Bruno Latour  

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"Latour employs mischievous means to deadly serious ends. Nothing so upset American scientists like Sokal than Latour's insistence that Pharaoh Ramses could not have died of tuberculosis because tuberculosis had not yet been invented." [1]

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Train wreck at Montparnasse (October 22, 1895) by Studio Lévy and Sons.
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Train wreck at Montparnasse (October 22, 1895) by Studio Lévy and Sons.

Bruno Latour (born 22 June 1947) is a French philosopher, anthropologist and sociologist. He is especially known for his work in the field of science and technology studies (STS). After teaching at the École des Mines de Paris (Centre de Sociologie de l'Innovation) from 1982 to 2006, he became Professor at Sciences Po Paris (2006-2017), where he was the scientific director of the Sciences Po Medialab. He retired from several university activities in 2017.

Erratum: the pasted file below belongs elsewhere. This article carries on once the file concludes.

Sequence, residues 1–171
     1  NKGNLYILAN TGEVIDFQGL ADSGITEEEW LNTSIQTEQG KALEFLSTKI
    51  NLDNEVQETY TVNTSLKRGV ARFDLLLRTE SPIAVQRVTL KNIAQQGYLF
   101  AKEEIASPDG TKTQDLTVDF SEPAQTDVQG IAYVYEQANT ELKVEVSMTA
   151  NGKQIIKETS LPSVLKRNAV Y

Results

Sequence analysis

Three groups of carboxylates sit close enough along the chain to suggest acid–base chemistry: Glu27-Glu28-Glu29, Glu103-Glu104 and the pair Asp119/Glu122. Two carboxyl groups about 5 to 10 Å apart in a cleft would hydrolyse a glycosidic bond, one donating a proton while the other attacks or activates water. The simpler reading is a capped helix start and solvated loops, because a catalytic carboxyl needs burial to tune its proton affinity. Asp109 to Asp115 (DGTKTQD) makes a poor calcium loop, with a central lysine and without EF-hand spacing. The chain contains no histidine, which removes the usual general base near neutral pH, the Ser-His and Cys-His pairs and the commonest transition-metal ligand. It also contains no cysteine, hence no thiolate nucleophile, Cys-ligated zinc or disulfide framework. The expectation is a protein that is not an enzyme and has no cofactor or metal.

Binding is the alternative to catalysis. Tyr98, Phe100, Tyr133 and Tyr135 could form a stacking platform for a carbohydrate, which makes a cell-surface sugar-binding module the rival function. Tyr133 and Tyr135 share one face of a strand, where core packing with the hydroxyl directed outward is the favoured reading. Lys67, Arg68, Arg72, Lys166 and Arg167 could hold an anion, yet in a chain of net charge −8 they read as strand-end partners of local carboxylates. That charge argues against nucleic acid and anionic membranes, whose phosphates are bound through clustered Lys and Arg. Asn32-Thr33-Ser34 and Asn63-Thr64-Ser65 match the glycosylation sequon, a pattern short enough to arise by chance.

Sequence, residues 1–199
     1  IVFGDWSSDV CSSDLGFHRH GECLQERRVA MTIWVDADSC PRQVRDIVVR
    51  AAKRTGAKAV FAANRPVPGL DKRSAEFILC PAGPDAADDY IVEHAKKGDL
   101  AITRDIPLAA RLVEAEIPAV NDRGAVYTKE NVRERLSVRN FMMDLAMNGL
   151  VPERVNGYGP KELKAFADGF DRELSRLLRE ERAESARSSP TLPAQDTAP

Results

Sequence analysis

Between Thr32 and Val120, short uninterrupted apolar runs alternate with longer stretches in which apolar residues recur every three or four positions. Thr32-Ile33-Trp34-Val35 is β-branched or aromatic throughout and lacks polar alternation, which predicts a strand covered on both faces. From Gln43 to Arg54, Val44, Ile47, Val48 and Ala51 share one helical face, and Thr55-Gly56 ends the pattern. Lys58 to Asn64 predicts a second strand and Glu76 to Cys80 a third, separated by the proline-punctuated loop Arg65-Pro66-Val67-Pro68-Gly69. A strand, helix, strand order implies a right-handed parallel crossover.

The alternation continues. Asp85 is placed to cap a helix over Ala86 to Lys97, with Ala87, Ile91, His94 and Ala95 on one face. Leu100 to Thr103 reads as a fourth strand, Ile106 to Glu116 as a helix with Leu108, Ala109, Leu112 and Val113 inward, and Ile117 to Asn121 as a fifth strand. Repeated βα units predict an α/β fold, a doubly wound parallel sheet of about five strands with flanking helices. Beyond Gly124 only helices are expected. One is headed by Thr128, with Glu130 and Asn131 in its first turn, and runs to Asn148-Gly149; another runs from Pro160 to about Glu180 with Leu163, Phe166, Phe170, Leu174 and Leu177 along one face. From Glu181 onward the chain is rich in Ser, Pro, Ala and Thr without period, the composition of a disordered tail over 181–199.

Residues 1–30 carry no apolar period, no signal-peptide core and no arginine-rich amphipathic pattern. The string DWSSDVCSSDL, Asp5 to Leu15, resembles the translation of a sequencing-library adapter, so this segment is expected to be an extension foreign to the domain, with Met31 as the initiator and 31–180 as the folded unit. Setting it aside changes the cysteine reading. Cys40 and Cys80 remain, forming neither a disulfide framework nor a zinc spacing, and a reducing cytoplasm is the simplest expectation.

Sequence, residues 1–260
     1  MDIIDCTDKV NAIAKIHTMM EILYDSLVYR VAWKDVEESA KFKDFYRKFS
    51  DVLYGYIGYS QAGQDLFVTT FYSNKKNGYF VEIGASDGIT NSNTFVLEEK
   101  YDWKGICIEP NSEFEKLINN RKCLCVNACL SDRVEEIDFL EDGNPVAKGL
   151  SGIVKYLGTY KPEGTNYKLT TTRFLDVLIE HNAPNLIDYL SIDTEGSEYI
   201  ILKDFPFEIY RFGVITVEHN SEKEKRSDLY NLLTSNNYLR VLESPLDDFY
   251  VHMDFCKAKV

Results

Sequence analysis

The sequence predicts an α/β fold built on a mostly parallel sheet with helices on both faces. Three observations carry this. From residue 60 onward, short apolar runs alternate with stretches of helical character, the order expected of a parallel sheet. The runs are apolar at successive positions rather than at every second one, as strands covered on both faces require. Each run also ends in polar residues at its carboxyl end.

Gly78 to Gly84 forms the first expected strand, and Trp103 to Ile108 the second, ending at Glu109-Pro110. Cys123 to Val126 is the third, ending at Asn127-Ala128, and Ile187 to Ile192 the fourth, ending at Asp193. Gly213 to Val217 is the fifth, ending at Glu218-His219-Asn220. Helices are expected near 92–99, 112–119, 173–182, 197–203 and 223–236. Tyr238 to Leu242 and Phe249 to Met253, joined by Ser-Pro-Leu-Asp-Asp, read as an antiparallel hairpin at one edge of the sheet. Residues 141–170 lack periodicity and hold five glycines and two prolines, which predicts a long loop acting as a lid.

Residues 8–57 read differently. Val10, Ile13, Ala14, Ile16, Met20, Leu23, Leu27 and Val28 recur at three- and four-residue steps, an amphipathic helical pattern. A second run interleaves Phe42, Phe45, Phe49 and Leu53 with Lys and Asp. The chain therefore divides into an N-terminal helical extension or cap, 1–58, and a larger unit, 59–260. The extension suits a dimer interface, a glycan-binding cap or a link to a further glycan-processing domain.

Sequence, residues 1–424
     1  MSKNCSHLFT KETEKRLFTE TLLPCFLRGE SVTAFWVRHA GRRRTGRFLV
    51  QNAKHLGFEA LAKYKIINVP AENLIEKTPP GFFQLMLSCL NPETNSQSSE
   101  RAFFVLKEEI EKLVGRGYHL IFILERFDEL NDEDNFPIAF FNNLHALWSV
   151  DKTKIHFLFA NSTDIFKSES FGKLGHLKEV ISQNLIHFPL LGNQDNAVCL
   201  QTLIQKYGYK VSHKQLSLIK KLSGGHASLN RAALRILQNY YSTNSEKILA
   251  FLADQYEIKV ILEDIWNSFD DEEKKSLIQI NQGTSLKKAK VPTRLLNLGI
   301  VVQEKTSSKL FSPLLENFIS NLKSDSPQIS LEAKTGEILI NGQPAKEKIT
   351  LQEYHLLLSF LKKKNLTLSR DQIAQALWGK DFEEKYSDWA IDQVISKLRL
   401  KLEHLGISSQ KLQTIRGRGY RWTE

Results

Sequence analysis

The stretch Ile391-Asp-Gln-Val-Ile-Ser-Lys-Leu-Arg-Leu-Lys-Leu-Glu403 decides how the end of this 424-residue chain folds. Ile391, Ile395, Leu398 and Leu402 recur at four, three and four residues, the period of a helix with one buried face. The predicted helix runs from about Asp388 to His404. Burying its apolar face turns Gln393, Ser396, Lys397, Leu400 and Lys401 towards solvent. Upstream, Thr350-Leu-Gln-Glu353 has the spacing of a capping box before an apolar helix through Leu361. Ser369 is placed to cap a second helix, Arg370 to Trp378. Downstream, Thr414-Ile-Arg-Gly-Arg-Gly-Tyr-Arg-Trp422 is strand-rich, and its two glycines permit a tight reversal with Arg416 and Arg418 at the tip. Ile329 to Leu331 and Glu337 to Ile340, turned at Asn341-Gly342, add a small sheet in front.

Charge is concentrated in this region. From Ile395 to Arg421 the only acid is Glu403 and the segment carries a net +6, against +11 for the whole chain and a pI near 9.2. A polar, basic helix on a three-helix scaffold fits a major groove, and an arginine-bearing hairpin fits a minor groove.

Latour is best known for his books We Have Never Been Modern (1991; English translation, 1993), Laboratory Life (with Steve Woolgar, 1979) and Science in Action (1987). Although his studies of scientific practice were at one time associated with social constructionist approaches to the philosophy of science, Latour has diverged significantly from such approaches. He is best known for withdrawing from the subjective/objective division and re-developing the approach to work in practice. Along with Michel Callon and John Law, Latour is one of the primary developers of actor–network theory (ANT), a constructionist approach influenced by the ethnomethodology of Harold Garfinkel, the generative semiotics of Algirdas Julien Greimas, and (more recently) the sociology of Émile Durkheim's rival Gabriel Tarde.

Latour's monographs earned him a 10th place among most-cited book authors in the humanities and social sciences for the year 2007.

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